Several months ago, I wrote about the linguistic phenomenon known as Kitchen Spanish. I wanted to dig a little deeper, so I pitched a segment to the podcast, Racist Sandwich, and they were up for it! My own podcast, Tertulia, is in Spanish, so this is my first reported audio story in (mostly) English. In the piece you’ll hear interviews with staff from restaurants here in Grand Rapids, Michigan, including Donkey Taquería and MeXo (which is slated to open on April 17, 2018).
Listen to the Racist Sandwich episode “Kitchen Spanish” here.
I’ve recently been hanging out in a literary translation rabbit hole. It started with children’s literature, when I started noticing the contrast in treatment of the Spanish language in translated and bilingual books for kids (and ranted about it here). This must have switched on my awareness of the often hidden role of literary translators, because I started looking into the lives and work of the translators whose names are embedded in the information on the back of the title page, among publisher credits and ISBN numbers and Library of Congress catalogue information.
The Grand Rapids Public Library deserves a nod at this point, because they have a significant World Languages collection where I continue to find books in Spanish – both originals and translations – that I want to read. GRPL has a number of books by Valeria Luiselli in English, translated by Christina MacSweeney, but only one that I could find in the original Spanish: Papeles falsos, a collection of essays. If you haven’t heard of her yet, Luiselli is a writer born in Mexico whose work has started to win awards and gain international recognition.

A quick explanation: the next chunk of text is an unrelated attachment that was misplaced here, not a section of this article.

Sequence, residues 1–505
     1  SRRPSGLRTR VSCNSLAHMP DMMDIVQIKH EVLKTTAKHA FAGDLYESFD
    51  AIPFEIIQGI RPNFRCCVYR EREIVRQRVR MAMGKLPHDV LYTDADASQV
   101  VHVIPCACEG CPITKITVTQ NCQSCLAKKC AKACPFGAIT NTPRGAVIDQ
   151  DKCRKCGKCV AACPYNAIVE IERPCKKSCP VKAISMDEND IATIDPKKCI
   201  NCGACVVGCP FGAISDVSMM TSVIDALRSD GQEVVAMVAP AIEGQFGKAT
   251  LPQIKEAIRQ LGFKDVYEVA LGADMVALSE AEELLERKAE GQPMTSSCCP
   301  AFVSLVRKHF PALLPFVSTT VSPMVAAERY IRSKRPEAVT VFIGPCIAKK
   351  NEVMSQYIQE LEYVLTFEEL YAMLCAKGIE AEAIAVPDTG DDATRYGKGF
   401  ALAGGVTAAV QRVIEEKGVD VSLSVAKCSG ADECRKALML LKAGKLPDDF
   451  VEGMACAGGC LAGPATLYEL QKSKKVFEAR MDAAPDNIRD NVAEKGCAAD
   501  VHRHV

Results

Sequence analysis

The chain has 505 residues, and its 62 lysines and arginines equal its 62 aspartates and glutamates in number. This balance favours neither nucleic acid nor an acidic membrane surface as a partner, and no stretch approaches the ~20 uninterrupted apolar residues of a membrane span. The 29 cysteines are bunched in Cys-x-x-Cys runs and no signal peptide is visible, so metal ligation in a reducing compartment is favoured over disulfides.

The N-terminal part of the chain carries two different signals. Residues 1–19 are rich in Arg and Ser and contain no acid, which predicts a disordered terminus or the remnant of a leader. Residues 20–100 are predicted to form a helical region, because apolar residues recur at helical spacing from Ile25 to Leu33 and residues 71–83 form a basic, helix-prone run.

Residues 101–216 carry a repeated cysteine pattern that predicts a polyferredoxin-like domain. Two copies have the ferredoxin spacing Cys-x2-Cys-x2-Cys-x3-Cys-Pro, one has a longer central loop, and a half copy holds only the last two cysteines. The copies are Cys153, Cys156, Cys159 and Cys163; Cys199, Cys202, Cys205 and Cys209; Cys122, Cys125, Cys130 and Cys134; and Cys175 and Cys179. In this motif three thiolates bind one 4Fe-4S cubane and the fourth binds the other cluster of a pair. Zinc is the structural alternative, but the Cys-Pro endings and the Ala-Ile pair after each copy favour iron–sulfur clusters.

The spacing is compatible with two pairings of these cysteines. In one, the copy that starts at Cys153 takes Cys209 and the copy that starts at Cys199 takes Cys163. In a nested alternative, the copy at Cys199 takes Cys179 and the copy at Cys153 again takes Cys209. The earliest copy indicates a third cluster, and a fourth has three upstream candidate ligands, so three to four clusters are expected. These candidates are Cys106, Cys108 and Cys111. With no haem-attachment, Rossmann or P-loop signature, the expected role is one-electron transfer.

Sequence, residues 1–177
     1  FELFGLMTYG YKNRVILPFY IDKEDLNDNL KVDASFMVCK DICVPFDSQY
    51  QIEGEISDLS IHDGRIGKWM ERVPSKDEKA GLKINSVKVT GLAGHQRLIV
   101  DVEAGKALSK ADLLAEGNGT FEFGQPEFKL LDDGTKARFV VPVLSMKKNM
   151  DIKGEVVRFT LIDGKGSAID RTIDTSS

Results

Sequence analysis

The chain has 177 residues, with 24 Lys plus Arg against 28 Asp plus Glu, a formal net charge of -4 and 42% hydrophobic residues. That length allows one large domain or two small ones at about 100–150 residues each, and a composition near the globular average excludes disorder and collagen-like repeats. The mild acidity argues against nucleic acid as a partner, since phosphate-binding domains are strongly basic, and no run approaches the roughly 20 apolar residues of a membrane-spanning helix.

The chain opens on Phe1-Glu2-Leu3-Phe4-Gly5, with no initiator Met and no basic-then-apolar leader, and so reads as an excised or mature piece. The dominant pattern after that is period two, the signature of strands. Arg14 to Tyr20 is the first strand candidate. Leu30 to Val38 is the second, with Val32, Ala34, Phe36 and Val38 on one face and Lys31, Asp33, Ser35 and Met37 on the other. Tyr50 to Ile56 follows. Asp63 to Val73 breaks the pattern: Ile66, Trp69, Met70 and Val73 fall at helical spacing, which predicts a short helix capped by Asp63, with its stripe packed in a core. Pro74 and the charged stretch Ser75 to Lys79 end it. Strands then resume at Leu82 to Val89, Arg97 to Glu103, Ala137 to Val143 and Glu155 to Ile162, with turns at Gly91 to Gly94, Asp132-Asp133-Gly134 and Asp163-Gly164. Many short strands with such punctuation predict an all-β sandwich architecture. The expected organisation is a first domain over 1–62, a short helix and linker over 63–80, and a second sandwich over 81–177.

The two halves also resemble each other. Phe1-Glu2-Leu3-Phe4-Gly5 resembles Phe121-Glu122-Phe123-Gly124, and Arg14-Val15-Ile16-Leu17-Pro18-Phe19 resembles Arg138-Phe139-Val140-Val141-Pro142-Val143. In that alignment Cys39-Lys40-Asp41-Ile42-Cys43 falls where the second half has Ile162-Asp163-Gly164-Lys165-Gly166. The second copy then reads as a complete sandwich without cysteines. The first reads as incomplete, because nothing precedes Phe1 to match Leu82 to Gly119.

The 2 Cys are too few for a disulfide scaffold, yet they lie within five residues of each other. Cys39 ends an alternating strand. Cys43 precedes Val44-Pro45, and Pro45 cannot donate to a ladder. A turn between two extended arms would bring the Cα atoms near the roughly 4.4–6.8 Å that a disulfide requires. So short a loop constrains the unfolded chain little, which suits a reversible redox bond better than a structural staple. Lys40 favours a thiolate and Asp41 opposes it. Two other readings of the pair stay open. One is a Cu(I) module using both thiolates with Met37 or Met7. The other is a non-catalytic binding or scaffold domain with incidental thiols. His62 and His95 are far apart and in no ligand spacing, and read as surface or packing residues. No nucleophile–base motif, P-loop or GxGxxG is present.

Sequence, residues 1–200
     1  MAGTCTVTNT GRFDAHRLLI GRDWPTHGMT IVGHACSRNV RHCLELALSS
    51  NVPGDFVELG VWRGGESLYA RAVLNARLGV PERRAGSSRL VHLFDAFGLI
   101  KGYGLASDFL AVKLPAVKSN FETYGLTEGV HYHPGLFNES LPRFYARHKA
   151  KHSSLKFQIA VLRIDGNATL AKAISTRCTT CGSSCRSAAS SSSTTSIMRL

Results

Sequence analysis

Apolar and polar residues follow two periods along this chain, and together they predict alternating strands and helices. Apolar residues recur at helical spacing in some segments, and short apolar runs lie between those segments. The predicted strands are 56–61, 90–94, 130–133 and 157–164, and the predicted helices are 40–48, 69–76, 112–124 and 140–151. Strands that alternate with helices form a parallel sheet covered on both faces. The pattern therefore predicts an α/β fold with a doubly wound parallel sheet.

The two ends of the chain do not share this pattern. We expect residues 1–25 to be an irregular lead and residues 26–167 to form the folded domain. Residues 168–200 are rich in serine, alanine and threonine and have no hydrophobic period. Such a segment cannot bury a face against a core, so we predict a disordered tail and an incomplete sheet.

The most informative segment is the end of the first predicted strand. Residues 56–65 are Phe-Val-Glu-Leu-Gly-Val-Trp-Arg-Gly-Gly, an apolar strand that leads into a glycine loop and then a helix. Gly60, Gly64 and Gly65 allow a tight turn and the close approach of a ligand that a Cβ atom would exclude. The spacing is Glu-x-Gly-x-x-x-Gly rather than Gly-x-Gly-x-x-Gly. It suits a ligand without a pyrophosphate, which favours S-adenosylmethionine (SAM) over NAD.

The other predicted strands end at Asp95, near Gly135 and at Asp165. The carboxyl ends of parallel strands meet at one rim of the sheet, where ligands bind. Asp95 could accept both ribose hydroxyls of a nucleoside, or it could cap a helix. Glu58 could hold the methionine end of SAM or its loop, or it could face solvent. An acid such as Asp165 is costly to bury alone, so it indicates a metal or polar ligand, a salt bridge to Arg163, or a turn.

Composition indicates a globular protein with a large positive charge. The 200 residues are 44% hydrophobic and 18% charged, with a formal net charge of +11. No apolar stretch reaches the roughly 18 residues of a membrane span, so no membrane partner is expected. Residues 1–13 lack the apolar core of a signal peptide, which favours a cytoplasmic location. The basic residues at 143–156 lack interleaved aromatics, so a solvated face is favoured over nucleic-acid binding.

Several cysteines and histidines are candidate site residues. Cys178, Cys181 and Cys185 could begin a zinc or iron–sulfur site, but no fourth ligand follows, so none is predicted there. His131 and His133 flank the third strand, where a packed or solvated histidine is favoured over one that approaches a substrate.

In my rabbit hole of late, I read a few interviews with MacSweeney, including the one that I linked to above, but I also did some research on Luiselli. She is identified as a Mexican author, but from what I can gather she is an adult third culture kid whose childhood was spent in several different countries and who attended international schools. And she currently lives in New York.
Just as simply saying that Luiselli is a Mexican author obscures the complexity of her background, I realized that referring to her books in the “original Spanish” or the “English translation” is imprecise, as well. In this interview with BOMB Magazine, Luiselli explains that she learned Spanish and English at the same time and often writes in both languages:
“I often write in English and then self-translate into Spanish, and vice-versa too. It’s a messy process, but that messiness creates a space for more clear, lucid things to emerge. Not always, though. Often I just dwell for long periods in this completely confusing space, not knowing which language I should write in. I go back and forth and it’s very unproductive, until one day something happens and I’m able to write, at least so far. That’s what happened to me with Sidewalks and Faces in the Crowd.
Also, when my writing is getting translated, I rewrite a lot, and work on it with the translator. I often bring those modifications back into the original. So the ghost of translation always haunts the original.”